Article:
With President Obama heading to South Africa, Senegal and Tanzania this week, Western media attention is turning once again to Africa. At last month’s World Economic Forum on Africa in Cape Town, I had the chance to hear more about many of the biggest issues facing the continent.
As I reported last year, the opportunities are clear – megatrends of population and economic growth favor Africa – but the challenges remain as recalcitrant as ever – terrible infrastructure, fragile states and gender issues, to name just a few.
As I listened to world leaders and local experts talk about their vision for Africa’s future, I kept thinking about the famous New Yorker cartoon with two professors standing in front of a complex equation on a chalk board. One says to the other, “I think you should be more specific here in step two.” Step two, of course, is, “And then a miracle occurs.” So it is with Africa. Everyone recognizes where we are and can agree on a vision of success – a prosperous continent at peace with itself. The problem is with step two: do we need a miracle to get there?
The good news is that there was much discussion exploring how Africa can achieve its vision, not just musings on if it can do so. And, to be fair, the progress made has been remarkable. In May 2000 The Economist called Africa “The Hopeless Continent” on its cover; a recent cover declared, “Africa Rising.” Even our own industry has gotten into the act, with PRWeek calling the African PR market, which wasn’t on anyone’s radar a decade ago, “primed for growth.”
The “Africa Rising” storyline came through loud and clear in Cape Town, and that’s certainly what’s attracting Western investment. President Obama will trumpet that theme this week, but surely he knows that there’s a big gap between growth and development. The numbers are impressive – six of the ten fastest-growing economies in the world are in Africa; by 2040 Africa will have a larger workforce than China; more than one third of the African population can be defined as middle class – but they can be deceiving. As Kenyan president Uhuru Kenyatta said, “economic growth that’s not felt by the people is not growth at all; it must be felt at the lowest level of society.”
In response to concerns that impressive-sounding growth statistics alone will not propel the continent, a variety of solutions were offered. Public-private partnerships were touted as a necessary approach in a number of different contexts. Financial inclusion – giving access to financial services to all segments of society – was another. Breaking down trade and mobility barriers is a vital catalyst to real change. Only 12 percent of all African exports are within Africa, and only 20 percent of African countries have visa requirements with each other, unacceptable numbers in our interconnected world. Regional trading blocs, such as we’re starting to see in East Africa, strike me as an intelligent approach to these issues. Lastly, tapping into the creativity that we see in pockets of Africa is one that should excite all of us in our industry. As Africa becomes the youngest continent and areas such as Kenya’s “Silicon Savannah” begin producing breakthrough marketable products, we must look for ways to encourage and harness new levels of locally relevant innovation.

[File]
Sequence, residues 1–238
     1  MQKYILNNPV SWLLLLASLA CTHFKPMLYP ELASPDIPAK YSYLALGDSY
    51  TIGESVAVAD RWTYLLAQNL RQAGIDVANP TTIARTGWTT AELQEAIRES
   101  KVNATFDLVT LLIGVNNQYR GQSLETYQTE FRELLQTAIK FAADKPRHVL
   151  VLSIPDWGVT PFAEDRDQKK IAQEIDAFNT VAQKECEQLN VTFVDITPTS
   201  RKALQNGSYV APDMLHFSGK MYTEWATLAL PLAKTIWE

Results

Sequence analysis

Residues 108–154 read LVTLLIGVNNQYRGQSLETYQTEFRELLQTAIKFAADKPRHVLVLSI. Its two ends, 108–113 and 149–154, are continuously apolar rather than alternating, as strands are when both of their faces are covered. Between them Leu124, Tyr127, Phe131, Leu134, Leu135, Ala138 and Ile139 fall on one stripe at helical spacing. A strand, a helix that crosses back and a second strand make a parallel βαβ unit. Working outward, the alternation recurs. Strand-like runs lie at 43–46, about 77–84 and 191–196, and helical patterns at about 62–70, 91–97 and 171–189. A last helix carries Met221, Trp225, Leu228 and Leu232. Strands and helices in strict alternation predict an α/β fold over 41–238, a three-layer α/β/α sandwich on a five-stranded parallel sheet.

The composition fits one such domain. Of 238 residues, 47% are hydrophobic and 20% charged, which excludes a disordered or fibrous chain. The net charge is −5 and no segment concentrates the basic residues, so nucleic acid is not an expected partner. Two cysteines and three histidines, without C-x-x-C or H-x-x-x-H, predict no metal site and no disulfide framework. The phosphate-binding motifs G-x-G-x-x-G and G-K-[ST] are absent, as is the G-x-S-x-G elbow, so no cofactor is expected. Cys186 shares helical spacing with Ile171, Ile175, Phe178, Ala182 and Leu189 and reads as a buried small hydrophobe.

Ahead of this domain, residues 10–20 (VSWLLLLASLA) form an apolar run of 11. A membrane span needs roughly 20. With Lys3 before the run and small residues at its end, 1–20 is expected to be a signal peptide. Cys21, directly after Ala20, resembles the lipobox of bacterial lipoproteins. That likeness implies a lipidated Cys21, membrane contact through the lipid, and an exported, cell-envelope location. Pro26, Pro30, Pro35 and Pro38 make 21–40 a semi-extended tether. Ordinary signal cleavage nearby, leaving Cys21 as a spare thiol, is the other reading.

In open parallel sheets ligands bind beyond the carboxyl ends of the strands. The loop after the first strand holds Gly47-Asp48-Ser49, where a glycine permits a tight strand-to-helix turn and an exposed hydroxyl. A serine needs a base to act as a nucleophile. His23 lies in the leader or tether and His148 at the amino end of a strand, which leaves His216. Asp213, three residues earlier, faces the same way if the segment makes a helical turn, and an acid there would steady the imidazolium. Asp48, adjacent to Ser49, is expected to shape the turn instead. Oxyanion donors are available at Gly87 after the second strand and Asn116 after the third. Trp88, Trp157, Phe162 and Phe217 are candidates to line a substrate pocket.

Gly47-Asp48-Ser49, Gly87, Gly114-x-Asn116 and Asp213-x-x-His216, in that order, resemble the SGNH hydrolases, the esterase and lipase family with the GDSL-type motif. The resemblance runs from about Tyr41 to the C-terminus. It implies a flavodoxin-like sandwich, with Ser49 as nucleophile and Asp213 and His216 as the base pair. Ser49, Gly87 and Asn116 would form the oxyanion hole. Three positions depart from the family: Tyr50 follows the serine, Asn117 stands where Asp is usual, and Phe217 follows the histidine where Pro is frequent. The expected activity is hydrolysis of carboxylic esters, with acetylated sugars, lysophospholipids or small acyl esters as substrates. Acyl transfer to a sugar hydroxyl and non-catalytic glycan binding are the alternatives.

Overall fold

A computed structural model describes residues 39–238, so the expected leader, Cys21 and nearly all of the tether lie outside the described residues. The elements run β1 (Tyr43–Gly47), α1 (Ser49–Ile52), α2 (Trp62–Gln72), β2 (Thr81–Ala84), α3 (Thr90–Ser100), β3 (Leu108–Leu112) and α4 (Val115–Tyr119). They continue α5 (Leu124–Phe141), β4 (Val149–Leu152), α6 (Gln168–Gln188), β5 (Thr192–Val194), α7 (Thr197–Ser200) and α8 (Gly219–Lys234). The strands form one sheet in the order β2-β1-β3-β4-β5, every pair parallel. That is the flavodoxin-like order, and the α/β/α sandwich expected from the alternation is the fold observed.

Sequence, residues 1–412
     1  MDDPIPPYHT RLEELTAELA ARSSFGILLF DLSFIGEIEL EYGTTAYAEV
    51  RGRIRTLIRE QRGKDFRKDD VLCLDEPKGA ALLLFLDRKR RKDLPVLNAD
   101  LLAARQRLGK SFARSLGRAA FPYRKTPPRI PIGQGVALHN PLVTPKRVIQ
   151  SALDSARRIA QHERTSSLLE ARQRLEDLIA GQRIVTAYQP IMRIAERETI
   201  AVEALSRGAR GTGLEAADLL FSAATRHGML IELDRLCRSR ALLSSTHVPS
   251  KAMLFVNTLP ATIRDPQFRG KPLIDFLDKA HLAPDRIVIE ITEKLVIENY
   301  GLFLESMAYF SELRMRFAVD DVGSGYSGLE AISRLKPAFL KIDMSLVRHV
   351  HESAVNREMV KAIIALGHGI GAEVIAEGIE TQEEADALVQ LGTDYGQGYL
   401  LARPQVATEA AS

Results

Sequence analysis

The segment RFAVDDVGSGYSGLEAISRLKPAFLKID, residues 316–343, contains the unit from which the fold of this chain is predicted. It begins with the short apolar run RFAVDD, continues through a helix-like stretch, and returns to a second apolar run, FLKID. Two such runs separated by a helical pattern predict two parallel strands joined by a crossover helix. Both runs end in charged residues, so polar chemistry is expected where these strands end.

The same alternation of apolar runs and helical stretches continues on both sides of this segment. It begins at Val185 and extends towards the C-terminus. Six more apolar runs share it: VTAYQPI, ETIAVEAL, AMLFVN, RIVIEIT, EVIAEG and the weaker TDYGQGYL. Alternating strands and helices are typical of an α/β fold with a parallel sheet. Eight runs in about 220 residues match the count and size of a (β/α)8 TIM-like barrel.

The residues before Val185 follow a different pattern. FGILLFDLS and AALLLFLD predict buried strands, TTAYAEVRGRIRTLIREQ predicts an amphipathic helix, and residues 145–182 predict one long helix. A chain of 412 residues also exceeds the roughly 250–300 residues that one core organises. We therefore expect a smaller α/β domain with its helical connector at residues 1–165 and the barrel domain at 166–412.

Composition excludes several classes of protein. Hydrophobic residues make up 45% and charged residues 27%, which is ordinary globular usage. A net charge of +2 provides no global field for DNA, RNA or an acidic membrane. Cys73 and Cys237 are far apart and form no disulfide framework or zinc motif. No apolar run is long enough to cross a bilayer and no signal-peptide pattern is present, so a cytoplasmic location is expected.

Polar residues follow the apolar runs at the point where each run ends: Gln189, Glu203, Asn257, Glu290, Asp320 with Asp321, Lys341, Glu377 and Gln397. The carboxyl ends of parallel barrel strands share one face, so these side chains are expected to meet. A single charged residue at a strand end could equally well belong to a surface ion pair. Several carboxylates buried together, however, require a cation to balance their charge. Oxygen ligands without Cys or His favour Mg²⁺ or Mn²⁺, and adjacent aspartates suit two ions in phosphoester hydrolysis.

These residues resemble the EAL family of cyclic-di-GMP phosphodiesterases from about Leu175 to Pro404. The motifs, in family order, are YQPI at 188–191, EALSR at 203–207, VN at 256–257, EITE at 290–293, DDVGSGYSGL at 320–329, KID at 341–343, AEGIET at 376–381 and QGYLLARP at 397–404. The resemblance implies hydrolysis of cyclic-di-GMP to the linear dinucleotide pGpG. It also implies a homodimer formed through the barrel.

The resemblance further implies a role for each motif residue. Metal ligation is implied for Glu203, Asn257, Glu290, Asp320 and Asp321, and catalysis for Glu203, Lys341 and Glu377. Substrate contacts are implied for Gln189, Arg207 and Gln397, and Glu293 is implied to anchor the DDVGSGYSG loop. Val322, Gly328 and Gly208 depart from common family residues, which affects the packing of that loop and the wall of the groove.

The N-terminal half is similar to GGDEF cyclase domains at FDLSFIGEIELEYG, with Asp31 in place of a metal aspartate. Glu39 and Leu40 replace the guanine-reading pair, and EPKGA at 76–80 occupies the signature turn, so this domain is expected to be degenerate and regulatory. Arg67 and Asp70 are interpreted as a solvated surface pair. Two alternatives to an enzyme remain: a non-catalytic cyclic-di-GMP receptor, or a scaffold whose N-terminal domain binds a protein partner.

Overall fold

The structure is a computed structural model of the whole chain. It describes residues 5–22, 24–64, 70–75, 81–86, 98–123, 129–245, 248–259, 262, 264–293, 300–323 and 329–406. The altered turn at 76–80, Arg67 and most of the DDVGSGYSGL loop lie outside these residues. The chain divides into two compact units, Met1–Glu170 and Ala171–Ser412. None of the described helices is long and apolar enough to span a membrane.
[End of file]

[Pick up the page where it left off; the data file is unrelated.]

So the path forward is paved with more than just hope for miracles. It won’t be easy, but serious people in government, business and civil society are working on finding real solutions. And if they can be realized, Africa’s future may be something to behold.
Here are a few perspectives from various leaders and experts that help give some sense of how those in the know perceive Africa:
- “Now Africa is more stable than it’s ever been. We are on the rise. The African lion is on the move.”– Amama Mbabazi, Prime Minister of Uganda
- “We can transform our continent in one generation.”– Donald Kaberuka, President, African Development Bank
- “Africa is an old continent but it’s full of young people.”– Henning Mankell, author
- “Africa’s growing younger while the rest of the world is growing older.”– Rapelang Rabana, founder, ReKindle Learning
- “Demographics are great but you have to unlock them for economic power.”– Jay Ireland, Chief Executive Officer, GE Africa
- “We see tremendous talent in rural areas, we see tremendous human capital.”– Njideka Harry, founder and Chief Executive, Youth for Technology Foundation (YTF)
- “All aid and no trade is a big problem.”– Phumzile Mlambo-Ngcuka, founder and Chairperson, Umlambo Foundation
- “There’s so much that’s uniquely African that can be taken worldwide.”– Chaka Chaka, singer and President, Princess of Africa Foundation